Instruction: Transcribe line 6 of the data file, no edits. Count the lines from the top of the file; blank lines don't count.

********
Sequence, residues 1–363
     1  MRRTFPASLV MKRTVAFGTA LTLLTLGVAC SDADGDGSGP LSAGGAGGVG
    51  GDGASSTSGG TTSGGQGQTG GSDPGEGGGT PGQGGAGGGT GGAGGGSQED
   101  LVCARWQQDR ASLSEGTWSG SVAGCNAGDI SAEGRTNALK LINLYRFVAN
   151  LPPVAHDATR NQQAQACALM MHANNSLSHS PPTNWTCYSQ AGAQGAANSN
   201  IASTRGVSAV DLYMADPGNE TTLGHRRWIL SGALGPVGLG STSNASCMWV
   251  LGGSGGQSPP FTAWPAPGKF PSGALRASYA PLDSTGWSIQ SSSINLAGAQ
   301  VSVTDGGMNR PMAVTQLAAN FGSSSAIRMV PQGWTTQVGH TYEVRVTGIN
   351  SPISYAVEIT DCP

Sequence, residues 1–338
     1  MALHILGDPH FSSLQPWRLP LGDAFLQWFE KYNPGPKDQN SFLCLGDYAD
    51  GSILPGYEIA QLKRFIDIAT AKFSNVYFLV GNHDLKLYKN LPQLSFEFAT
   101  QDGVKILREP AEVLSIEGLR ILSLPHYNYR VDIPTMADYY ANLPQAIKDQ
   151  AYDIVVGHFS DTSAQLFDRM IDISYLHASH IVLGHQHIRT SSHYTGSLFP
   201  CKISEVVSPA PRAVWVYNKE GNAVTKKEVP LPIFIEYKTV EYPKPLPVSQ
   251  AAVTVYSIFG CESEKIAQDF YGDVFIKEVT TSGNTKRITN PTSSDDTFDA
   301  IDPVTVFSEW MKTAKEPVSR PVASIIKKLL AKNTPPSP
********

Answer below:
   201  IASTRGVSAV DLYMADPGNE TTLGHRRWIL SGALGPVGLG STSNASCMWV